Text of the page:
Bruce Springsteen will play Moncton on Aug. 26
Bruce Springsteen and the E Street Band will play in Moncton on Sunday, Aug. 26, following up on last year's U2 concert.
The annoucement was made in Moncton on Friday.
Springsteen is launching the summer portion of the 2012 "Wrecking Ball" World Tour on Aug. 18 in Boston. The tour kicked off in Atlanta in March. The Moncton concert will be the third show of the newly added dates.
Jacques Dubé, the city manager in Moncton, said they began negotiations with the band last fall.
"This is the biggest rock tour in the world at the moment, and this will be of epic proportions, similar to shows like we had with the Rolling Stones and U2 last year. So this simply serves to cement and reinforce our position as one of the best concert venues on the entire planet," he said.
General admission tickets will be $115.
The concert is being produced by AEG Live and Donald K Donald.
Moncton has landed a number of high-profile acts in recent years and has been dubbed the concert hub of the Maritimes.
Mayor George Leblanc says Springsteen will keep the momentum going.
"He's only doing two dates in Canada. One is in Toronto, the other one's in Moncton and we have a reputation of being the smallest place with the biggest concert so I think it's fantastic."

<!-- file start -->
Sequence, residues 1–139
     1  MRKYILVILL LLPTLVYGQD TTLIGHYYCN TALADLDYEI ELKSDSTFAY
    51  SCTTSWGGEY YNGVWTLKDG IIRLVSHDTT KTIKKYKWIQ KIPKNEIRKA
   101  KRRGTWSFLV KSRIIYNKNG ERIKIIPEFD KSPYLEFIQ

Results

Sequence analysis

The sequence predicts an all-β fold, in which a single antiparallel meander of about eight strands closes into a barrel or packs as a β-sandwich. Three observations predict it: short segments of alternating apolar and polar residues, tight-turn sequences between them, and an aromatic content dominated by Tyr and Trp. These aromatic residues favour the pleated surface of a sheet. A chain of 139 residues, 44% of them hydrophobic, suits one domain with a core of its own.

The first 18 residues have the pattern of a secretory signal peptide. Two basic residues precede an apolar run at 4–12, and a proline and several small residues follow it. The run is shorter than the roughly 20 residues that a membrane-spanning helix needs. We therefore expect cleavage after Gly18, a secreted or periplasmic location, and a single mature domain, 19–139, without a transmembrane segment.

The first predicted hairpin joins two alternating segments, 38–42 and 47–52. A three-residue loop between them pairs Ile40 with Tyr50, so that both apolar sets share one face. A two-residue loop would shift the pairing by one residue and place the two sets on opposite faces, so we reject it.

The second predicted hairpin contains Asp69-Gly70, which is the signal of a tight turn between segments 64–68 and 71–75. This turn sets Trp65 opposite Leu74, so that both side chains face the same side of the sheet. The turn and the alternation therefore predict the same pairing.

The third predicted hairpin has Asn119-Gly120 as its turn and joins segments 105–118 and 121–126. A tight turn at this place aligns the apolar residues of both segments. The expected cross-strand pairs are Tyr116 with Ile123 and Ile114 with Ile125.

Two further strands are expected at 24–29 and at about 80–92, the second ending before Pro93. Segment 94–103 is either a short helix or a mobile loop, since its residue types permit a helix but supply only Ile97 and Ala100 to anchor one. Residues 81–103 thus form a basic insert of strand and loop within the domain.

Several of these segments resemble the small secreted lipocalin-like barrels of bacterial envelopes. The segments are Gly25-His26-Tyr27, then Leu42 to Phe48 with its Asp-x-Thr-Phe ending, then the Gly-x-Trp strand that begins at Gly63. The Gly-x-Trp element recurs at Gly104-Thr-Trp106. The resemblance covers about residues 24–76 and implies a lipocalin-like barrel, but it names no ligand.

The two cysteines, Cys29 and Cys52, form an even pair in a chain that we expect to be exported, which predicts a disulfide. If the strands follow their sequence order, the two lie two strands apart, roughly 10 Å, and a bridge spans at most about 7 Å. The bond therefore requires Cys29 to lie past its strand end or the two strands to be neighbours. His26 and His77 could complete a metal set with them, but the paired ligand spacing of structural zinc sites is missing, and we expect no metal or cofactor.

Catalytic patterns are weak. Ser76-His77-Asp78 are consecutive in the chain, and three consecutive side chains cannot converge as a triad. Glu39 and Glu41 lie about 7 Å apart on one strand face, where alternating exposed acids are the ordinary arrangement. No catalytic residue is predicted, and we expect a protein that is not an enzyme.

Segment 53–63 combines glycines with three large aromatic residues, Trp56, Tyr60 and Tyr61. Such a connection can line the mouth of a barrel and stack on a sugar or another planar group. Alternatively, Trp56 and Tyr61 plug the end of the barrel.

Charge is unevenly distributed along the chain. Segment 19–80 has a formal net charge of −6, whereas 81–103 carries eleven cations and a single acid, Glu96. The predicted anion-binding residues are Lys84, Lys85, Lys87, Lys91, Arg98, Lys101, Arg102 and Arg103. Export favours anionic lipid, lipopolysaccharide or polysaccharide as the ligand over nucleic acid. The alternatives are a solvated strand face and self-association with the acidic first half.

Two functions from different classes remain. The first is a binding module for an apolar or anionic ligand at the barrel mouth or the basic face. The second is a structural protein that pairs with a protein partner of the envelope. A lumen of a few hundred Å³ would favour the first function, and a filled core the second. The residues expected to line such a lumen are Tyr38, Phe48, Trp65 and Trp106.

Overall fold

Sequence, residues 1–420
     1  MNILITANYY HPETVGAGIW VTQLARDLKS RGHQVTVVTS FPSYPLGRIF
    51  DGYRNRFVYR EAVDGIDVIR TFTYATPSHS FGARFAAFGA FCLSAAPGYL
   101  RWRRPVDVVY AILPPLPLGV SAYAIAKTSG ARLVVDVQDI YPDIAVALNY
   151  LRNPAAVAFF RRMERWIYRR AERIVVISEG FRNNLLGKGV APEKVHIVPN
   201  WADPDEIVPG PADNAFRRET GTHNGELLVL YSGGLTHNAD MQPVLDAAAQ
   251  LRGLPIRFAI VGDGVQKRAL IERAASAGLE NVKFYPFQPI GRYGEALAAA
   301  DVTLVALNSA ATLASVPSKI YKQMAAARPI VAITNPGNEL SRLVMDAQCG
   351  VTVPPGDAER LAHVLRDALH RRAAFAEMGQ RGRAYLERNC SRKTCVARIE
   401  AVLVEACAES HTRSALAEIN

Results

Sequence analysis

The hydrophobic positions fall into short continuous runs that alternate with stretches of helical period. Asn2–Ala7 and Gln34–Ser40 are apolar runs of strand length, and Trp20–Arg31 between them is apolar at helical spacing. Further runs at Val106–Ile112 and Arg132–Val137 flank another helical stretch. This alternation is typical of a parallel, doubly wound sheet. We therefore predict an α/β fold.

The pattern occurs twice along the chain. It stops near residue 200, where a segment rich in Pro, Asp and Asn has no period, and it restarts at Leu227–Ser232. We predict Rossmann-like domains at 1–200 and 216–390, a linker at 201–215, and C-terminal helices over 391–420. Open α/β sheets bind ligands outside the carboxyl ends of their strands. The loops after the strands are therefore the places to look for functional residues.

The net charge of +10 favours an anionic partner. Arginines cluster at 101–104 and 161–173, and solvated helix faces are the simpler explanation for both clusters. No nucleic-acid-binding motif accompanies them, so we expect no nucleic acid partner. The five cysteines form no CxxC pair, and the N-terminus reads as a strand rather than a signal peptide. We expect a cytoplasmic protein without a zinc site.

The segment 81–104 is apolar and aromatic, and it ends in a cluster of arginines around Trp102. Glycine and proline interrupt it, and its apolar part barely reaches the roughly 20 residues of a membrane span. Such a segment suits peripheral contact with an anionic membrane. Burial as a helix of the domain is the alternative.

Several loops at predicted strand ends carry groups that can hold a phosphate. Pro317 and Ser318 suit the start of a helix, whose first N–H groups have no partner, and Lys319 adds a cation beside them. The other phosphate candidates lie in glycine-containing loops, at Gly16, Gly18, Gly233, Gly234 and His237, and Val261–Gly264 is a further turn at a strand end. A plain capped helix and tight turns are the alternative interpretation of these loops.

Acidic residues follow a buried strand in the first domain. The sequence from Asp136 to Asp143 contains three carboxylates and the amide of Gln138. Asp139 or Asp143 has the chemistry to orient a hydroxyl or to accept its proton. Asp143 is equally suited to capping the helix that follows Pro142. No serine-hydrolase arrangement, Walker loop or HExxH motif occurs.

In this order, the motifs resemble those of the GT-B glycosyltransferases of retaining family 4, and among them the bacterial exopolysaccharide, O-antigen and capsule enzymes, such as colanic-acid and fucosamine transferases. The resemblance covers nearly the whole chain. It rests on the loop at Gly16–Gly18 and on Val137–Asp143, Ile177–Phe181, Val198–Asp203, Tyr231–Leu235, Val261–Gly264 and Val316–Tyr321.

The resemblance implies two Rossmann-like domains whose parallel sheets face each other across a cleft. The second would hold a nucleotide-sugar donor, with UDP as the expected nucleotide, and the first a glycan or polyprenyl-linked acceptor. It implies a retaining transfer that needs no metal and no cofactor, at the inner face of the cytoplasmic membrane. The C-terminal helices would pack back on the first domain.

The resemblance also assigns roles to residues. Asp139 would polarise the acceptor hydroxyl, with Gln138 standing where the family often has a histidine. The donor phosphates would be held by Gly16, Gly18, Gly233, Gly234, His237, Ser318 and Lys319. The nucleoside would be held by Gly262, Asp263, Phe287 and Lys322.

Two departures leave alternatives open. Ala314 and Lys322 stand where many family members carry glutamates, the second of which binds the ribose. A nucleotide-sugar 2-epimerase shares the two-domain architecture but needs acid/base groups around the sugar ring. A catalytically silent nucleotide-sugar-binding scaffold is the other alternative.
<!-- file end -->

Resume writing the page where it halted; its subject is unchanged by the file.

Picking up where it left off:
Tickets for the show will go on sale Saturday, April 21.
The city expects up to 70,000 fans will attend.
Irish rockers U2 drew 75,000 fans to the Magnetic Hill outdoor concert site last July.
The mega concerts started in 2005, when the Rolling Stones performed at the outdoor concert venue.
Since that concert, Moncton has welcomed performers, such as Bon Jovi, AC/DC and the Eagles, at the site.
The mega concerts have become so popular that some city politicians have called for a better financial arrangement with the federal and provincial governments.
After the U2 concert in 2011, Coun. Daniel Bourgeois said it was not fair that the federal and provincial governments were collecting millions of dollars through taxes because of the Moncton concerts, while the city was making a much smaller profit.